Council OKs Wage Hike

It’s almost officially official: The Los Angeles City Council has given final approval to a minimum wage hike in the city, sending the measure to the mayor’s desk.

Council members voted 12-1 Wednesday to raise the city’s minimum wage from the current statewide minimum of $9 an hour to $15 an hour over the next five years. It was the second and final approval needed from the council. As with the council’s first vote on the matter last week, Councilman Mitch Englander was the lone dissenting vote.

The first increase, to $10.50 an hour, is scheduled for July 1, 2016. Businesses with fewer than 25 employees and some nonprofits will receive an extra year with the first hike coming in 2017.

Now the wage hike goes to Mayor Eric Garcetti for approval. He is expected to sign off on the measure, a version of which he first unveiled in September.

Sundance Cinema Seeks Buyer

Upscale theater chain Sundance Cinemas, founded by movie legend Robert Redford eight years ago, is putting itself up for sale.

Chief Executive Paul Richardson announced Wednesday that the Westlake Village chain has retained West Los Angeles investment bank Salem Partners to help find a buyer. Sundance is currently majority owned by a fund affiliated with downtown Los Angeles private equity giant Oaktree Capital Management, which is in the divestment period of its business cycle. The theater chain has had five consecutive years of revenue and cash flow growth, according to a Sundance statement.

“From the very beginning, Sundance Cinemas has been about raising the bar in the exhibition business,” Richardson said in a press release announcing the move. “We look forward to working with Salem Partners to identify the right owner or owners of the business who can continue to capitalize on our prominent positions in each market.”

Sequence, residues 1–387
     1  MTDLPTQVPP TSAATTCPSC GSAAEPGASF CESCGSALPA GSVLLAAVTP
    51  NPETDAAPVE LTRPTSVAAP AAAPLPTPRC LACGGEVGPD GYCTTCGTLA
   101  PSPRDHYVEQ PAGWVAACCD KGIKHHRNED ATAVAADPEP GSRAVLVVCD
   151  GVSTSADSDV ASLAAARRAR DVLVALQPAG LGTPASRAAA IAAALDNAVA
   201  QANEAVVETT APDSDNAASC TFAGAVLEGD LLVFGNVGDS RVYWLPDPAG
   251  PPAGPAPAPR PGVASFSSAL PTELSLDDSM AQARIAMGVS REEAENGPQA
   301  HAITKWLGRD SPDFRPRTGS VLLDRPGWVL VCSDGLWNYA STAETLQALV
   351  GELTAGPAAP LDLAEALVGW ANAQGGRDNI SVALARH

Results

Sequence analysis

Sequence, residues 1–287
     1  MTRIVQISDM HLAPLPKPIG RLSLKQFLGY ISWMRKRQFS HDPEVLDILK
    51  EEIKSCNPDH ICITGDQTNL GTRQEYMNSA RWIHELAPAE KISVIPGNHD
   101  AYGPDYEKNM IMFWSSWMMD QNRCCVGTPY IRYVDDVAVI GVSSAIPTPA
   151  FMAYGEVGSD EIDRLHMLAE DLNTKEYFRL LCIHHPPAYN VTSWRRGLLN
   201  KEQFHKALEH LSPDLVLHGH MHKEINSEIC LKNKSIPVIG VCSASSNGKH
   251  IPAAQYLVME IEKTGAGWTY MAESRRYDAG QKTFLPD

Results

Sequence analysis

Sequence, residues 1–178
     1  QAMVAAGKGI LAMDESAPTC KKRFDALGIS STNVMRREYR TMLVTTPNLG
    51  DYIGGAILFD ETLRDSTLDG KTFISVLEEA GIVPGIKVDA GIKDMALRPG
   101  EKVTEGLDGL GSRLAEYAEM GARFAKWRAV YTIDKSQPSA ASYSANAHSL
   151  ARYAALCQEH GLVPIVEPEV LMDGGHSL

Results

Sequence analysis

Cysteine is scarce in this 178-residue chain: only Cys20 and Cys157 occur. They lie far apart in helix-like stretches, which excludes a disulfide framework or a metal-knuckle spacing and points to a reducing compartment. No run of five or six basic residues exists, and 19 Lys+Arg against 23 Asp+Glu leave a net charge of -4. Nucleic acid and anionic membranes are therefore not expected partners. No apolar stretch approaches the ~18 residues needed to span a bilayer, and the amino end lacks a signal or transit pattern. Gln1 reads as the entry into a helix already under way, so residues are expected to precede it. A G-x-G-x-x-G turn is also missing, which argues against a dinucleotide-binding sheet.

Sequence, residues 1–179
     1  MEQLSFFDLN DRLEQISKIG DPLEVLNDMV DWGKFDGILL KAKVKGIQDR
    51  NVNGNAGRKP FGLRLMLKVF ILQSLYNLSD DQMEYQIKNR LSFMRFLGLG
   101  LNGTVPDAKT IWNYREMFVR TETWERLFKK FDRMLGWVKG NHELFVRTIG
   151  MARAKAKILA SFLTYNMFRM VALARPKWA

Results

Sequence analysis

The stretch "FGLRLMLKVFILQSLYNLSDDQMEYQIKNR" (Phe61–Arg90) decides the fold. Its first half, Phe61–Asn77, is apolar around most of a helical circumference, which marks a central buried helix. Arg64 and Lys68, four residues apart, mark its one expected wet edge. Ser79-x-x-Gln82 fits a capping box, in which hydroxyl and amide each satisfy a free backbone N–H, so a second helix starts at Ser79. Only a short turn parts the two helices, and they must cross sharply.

Sundance currently operates five cinemas, with one each in West Hollywood, San Francisco, Houston, Seattle, and Madison, Wis.

Arrowhead Drug Gets ‘Orphan’ Incentives

Arrowhead Research Corp. announced Wednesday that the U.S. Food and Drug Administration had granted its liver disease treatment candidate ARC-AAT orphan drug status.

The Pasadena pharmaceutical company’s shares rose 2.19 percent to $6.54 Wednesday on the news.

Drugs designated as orphans because they treat rare diseases – and therefore lack a broad consumer market – get special incentives, including increased engagement with FDA on drug development activities, exemption from all future product-specific regulatory fees, the opportunity to apply for R&D funding, tax credits, an increased chance of priority review, and seven years of orphan exclusivity at the time of the new drug application approval.

“Receiving orphan drug designation is an important milestone in the development of ARC-AAT,” said Bruce Given, Arrowhead's chief operating officer.

Arrowhead shares have been on a roller coaster this year. The stock price got a boost earlier in January on speculation that the company was a takeover target for Foster City’s Gilead Sciences Inc. Shares rose as high as $9.06, only to be sent spiraling down a week later to $6.90 when the Food and Drug Administration asked Arrowhead to proceed with a test of a lower dose of its lead drug candidate, hepatitis B therapy ARC-520, in a new study.

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